James: With regards speed work, what do you consider to be the key sessions for an 800m runner?

Mark: I find the likes of split 800m sessions great! Let’s say doing 400m, taking a 30 second rest, banging out another one (at race pace), taking a long recovery and repeating. Maybe I’m a bit biased though because I love that one!

James: What are your favourite and least favourite training sessions?

Mark: I hate long runs, which is why they’re not that long (50 mins tops). My favourite session is the lactic killer type ones coming up to track season. I mean sessions like all-out 200m reps. 

James: How important is core strength work for an 800m runner and how much emphasis do you put on it? What specific core strength exercises do you incorporate into your training?

Mark: It’s obviously got its merits otherwise those at the top wouldn’t be doing it. I still work on specific exercises given to me by Liam Moffitt and Declan Monaghan. Everyone has their own specific exercises though, I think; there’s no one-works-for-all approach. I’d recommend getting screened to see what exercises are right for you instead of just doing generic ones.

James: Nutrition obviously plays an important part in the life of an elite athlete. What would be your typical dieting habits in the lead up to a big race?

Mark: I’m not that fussy to be honest. But for some mad reason I still carbo-load like a horse, probably an ingrained habit! I’d down some porridge for breakfast, maybe take a sandwich for lunch and then feast on some carbs like pasta and a banana ¾ hours in advance if I’m racing. Although I haven’t joined the caffeine crave club yet!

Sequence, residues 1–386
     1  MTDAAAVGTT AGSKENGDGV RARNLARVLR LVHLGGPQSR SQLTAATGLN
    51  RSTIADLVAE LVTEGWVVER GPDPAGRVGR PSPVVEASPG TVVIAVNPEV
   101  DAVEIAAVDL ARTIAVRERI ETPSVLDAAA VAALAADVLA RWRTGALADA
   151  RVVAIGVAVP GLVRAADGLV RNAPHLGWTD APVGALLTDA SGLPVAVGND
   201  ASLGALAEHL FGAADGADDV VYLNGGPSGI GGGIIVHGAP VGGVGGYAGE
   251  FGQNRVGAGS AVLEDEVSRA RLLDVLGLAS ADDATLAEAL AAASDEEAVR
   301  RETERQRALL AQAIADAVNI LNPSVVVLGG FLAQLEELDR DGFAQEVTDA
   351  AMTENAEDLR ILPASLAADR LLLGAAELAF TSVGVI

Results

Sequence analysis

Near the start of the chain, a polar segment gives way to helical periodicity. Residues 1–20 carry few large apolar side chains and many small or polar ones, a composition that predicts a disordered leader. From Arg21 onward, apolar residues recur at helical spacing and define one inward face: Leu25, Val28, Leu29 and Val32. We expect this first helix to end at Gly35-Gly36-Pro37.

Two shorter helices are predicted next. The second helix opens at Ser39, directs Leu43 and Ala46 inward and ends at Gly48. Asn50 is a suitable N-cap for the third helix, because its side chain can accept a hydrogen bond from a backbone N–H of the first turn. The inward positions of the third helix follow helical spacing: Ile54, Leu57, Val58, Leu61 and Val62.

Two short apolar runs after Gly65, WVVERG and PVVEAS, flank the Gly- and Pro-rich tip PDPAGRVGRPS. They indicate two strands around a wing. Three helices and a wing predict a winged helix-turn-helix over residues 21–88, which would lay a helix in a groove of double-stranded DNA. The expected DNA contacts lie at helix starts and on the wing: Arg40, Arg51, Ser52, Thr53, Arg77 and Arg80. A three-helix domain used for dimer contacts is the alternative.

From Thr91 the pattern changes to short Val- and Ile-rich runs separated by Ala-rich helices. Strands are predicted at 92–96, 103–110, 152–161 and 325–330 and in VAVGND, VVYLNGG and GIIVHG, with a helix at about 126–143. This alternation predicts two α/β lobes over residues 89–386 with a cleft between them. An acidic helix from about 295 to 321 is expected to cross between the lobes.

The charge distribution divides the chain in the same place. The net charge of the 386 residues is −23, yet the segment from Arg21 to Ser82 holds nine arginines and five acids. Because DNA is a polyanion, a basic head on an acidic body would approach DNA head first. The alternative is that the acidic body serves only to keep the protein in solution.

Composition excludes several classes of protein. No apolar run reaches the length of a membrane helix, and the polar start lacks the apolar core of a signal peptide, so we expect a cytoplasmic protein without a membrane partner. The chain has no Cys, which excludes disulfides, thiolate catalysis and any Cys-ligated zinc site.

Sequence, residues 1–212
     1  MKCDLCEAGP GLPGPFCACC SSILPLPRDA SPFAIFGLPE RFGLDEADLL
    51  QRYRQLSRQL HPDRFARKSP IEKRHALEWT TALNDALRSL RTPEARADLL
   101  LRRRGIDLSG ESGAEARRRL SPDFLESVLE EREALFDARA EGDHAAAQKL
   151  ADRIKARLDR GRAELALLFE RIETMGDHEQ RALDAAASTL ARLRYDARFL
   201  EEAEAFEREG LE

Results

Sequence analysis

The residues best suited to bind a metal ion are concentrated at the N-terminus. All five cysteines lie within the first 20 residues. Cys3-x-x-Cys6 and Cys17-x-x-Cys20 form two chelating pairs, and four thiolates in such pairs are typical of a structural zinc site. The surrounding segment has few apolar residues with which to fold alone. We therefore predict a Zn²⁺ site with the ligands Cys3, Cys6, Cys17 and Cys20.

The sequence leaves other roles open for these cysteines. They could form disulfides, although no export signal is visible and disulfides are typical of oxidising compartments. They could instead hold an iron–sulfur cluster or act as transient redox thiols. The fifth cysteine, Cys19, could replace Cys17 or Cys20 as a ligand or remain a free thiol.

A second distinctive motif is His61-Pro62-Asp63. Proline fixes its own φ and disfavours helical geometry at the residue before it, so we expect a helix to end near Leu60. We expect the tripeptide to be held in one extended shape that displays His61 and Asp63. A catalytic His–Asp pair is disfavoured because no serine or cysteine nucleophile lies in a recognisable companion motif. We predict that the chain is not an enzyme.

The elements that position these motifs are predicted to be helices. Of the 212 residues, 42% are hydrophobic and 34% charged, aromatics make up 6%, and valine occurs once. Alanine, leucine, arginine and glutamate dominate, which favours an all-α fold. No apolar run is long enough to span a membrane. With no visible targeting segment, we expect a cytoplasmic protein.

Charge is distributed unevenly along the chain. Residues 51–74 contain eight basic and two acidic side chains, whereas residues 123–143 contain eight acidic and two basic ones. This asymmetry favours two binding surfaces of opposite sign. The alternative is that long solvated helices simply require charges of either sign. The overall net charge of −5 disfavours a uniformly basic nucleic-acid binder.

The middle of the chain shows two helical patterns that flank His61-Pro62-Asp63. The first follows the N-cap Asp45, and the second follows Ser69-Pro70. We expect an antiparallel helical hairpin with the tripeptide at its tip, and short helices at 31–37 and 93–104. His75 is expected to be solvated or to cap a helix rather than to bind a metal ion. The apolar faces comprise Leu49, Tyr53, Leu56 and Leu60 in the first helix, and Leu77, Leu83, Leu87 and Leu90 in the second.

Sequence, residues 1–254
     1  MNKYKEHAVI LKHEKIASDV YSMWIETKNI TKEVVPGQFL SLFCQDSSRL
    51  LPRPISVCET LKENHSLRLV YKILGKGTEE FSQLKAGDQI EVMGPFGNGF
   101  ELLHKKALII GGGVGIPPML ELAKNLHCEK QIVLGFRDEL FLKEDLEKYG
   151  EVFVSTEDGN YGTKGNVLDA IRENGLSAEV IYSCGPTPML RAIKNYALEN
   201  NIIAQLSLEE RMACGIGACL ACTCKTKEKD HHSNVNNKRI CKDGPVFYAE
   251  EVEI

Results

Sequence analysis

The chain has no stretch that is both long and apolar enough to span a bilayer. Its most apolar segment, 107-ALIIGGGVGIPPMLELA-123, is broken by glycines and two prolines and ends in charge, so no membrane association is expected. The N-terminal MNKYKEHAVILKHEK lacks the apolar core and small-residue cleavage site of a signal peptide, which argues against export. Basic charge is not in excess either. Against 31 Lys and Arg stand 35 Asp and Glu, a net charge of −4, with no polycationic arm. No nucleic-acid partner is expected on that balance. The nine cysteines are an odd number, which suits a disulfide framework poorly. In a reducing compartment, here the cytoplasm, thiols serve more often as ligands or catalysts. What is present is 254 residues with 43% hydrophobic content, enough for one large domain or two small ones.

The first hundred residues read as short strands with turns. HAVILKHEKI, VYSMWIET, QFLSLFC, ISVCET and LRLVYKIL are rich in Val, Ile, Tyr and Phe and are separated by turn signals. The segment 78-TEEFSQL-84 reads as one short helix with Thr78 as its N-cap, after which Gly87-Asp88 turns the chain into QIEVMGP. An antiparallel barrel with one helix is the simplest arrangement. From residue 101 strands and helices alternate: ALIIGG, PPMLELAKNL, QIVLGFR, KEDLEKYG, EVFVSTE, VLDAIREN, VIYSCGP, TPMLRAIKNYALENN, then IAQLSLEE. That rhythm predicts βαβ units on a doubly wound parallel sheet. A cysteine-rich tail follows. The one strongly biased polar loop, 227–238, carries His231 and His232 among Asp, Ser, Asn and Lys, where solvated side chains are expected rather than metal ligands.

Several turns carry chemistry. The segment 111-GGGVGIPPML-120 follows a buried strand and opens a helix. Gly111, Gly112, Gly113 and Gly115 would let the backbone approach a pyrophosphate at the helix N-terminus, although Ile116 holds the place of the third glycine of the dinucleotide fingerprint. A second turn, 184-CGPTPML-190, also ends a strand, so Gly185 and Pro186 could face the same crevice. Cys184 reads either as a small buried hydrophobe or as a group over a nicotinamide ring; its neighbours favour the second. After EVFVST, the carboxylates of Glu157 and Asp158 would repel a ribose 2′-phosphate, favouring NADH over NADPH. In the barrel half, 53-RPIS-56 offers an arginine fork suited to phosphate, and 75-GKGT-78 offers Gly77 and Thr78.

James: What is the worst injury you have suffered?

Mark: Getting Osteochondritis Dissecans when I was in 6th class from what was more than likely hopping up and down high walls everyday like a yo-yo; I was in a cast for two months and it sucked! But sure while you’re young…

James: It seems that the challenge of competing on the world stage without funding is not always understood and appreciated by the general public. Do you feel that athletes in Ireland sometimes don’t get the credit they deserve off the Irish media when compared to comparable achievements by individuals and teams in the more popular and better funded sports such as rugby and football?

Mark: They’ll never get a front page unless they win a major championship, and even at that they’d be lucky, but I think athletics gets fair enough coverage for the size of the sport. It’s never going to compete with traditional paddy sports like gaelic football or hurling, obviously, but most local scribblers I’ve ever spoke with were runners themselves at some stage, so they’re always interested in writing about athletics. And the two national papers give it suffice coverage as well, I think.  But that’s just my own opinion. 

James: What are your views on athletes with B-Standards being sent to the Olympic Games?

Mark: It’s hard to understand the rationale behind the decision when it wouldn’t cost more than about 70 bucks return to fly with Ryanair, which I’m sure any qualifiers would be willing to pay themselves anyway. Unfortunately, it’s even harder to see things changing. I just have to focus on trying to give the A-standard a shot now though, and forget about it at this stage.

James: When not competing, do you enjoy watching athletics? What current athlete do you like watching the most?

Mark: Yeah the Diamond League is usually bonkers, there’s always a shock or two that’s unscripted! I like watching Bolt – the man is bananas and an inspiration!

James: That’s great Mark. Thank you for your time and the very best of luck this coming year.

Mark: No problem